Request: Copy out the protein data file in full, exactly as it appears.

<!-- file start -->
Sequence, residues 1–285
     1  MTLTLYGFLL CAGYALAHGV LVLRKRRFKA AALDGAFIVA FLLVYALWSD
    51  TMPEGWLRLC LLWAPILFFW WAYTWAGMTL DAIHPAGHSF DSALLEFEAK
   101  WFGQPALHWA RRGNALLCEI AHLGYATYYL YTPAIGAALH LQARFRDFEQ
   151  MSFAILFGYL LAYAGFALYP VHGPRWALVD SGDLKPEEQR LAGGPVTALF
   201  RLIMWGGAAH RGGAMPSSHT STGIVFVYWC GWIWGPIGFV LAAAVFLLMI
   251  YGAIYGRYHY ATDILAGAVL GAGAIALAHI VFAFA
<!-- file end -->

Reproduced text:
Sequence, residues 1–285
     1  MTLTLYGFLL CAGYALAHGV LVLRKRRFKA AALDGAFIVA FLLVYALWSD
    51  TMPEGWLRLC LLWAPILFFW WAYTWAGMTL DAIHPAGHSF DSALLEFEAK
   101  WFGQPALHWA RRGNALLCEI AHLGYATYYL YTPAIGAALH LQARFRDFEQ
   151  MSFAILFGYL LAYAGFALYP VHGPRWALVD SGDLKPEEQR LAGGPVTALF
   201  RLIMWGGAAH RGGAMPSSHT STGIVFVYWC GWIWGPIGFV LAAAVFLLMI
   251  YGAIYGRYHY ATDILAGAVL GAGAIALAHI VFAFA